Arming all our members with the education, knowledge and strategies they need to do this is part of the APA’s Reconciliation journey.

What led to the ‘Cultural Safety Training for Physiotherapists’ course being provided for Australian physiotherapists through the APA?

Anton: Over the past few years, there has been an increasing expectation by the Australian community and Ahpra that all healthcare practitioners will be able to deliver healthcare services in culturally safe ways.

Through the Council’s role in accrediting entry-level physiotherapy programs at Australian universities, we’ve seen the development of physiotherapy courses as they embed cultural considerations into their curriculum.

Headshot of Anton Barnett-Harris.
Anton Barnett-Harris, CEO of the Australian Physiotherapy Council. 

This is vitally important for future physiotherapists graduating from these programs and the Council and the APA recognise the need to offer existing physiotherapists opportunities to grow their own cultural competency.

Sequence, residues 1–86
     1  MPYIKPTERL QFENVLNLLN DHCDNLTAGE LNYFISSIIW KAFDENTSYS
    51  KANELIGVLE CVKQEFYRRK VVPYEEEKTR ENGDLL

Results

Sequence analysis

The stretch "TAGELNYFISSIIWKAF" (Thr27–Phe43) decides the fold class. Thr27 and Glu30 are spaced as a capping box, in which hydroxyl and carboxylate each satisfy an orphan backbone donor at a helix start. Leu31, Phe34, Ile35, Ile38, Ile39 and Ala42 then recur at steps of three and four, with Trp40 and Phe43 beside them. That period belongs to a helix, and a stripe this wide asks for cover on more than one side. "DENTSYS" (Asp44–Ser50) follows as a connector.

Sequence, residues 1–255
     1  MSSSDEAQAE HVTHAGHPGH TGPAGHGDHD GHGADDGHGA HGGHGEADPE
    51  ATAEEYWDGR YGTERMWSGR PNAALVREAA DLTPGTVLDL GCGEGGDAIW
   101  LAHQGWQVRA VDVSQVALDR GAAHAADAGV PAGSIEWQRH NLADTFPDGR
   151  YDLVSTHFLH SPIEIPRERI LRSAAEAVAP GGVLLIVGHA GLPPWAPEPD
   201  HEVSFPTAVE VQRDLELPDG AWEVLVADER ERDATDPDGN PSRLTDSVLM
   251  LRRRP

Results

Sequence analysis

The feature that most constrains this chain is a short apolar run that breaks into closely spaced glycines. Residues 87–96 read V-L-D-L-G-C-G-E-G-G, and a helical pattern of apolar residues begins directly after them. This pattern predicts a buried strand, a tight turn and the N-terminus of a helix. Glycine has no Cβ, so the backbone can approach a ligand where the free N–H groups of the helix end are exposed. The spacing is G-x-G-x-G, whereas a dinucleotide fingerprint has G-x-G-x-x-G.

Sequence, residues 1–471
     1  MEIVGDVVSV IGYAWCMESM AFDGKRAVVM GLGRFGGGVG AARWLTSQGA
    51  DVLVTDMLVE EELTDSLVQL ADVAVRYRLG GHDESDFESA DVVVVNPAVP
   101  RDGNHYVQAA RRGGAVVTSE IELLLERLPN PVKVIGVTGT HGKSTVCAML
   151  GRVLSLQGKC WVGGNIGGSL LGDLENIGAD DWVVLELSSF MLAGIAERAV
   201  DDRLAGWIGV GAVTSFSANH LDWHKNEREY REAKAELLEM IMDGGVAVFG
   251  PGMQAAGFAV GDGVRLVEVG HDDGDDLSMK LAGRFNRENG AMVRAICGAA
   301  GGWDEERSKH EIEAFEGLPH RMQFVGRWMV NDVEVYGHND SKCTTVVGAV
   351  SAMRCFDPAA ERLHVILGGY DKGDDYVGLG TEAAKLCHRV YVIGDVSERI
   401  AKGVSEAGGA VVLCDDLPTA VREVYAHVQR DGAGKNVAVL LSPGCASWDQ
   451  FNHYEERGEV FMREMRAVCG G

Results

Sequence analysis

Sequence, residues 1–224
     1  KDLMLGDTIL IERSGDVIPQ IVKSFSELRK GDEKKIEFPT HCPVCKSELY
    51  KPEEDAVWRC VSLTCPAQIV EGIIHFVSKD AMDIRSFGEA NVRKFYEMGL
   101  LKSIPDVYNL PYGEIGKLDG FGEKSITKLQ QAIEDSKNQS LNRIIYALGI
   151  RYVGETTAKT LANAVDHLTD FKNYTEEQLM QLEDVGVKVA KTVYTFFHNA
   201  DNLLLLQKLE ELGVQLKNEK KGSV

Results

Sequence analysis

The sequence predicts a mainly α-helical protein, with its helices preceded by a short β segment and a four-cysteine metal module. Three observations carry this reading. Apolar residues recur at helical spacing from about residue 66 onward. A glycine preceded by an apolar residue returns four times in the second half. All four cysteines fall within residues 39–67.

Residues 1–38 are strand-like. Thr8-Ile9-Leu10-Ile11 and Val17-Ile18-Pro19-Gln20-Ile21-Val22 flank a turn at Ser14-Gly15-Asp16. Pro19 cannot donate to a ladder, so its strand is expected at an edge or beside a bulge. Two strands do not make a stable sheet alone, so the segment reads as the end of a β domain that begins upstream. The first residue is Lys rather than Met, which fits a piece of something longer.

Extending the Council’s cultural safety training program to APA members was a logical pathway for increasing cultural safety in the physiotherapy workforce, both for practitioners and for patients.

Scott: When the APA, the Council, the Council of Physiotherapy Deans Australia and New Zealand and Ahpra met to discuss important profession-wide issues, we recognised increasing practitioner cultural safety as critical.

From there, we agreed to consider using the existing cultural safety program for overseas-qualified physiotherapists as a foundation for APA members.